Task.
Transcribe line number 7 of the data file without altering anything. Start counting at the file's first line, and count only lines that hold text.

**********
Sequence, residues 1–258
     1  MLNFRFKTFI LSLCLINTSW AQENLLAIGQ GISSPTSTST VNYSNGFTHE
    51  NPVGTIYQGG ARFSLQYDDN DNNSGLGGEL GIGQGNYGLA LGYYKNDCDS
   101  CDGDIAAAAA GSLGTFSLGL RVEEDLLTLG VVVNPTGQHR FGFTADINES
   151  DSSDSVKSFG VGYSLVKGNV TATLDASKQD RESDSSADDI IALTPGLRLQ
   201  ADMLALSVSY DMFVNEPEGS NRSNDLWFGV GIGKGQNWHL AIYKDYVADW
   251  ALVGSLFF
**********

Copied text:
   251  ALVGSLFF